This story is from the Māori people explaining how the earth and the sky were separated so that light could enable forests and plants to grow, followed by animals and humans. 

In the beginning there is nothing but the cosmos. Rangi (Ranginui) the sky father and Papatua (Papatūānuku) the earth mother hold each other in a tight embrace. Papatua gives birth to 70 sons who are caught between their mother and father with very little space and no light. They have to find a way out. Eventually, led by Tāne , (who becomes god of the forests) they manage to prize their parents apart. (Tāwhiri) Tāwhirimātea the god of the weather or wind doesn't agree with his brothers separating their mother and father. The other brothers featured are Tu (Tūmātauenga  - angry face) God of war, Whiro, god of darkness and Uru, the first born and god of light. As they prize their parents apart light shines through and the forests begins to grow and the earth becomes populated by plants and animals.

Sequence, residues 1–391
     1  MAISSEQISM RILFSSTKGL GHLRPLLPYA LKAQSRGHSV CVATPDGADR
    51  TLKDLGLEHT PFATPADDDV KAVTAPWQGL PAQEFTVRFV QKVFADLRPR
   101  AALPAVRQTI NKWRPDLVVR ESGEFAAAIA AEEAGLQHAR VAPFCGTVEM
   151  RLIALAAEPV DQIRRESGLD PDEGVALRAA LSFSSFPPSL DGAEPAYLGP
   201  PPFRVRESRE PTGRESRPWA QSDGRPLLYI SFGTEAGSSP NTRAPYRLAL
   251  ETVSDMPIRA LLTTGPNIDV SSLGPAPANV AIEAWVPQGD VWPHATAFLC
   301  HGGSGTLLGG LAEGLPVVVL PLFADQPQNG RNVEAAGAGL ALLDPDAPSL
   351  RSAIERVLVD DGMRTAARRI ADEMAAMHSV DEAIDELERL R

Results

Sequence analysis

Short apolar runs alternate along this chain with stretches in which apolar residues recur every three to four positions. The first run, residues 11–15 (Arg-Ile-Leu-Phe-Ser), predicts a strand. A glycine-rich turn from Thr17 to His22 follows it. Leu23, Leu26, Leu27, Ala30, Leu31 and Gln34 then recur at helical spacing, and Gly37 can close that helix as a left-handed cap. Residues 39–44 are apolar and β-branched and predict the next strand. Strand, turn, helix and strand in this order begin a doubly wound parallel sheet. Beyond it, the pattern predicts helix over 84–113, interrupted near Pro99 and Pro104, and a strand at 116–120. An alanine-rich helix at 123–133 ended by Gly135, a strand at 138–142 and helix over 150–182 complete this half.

The ancestors of the Māori people arrived in Aotearoa (translated as land of the thick white cloud) from the Polynesian Islands by boat over 1000 years ago and settled in this new land. They first encountered Europeans in the 1600’s when the Dutch landed onshore and called this island Nieuw Zeeland after the Dutch province Zeeland. The next Europeans to arrive where the British in 1769 led by Captain Cook and the colonisation by the British began.In Māori society there is a long tradition of singing and storytelling. History is passed on through the many stories shared from generation to generation through song, dance and chants.

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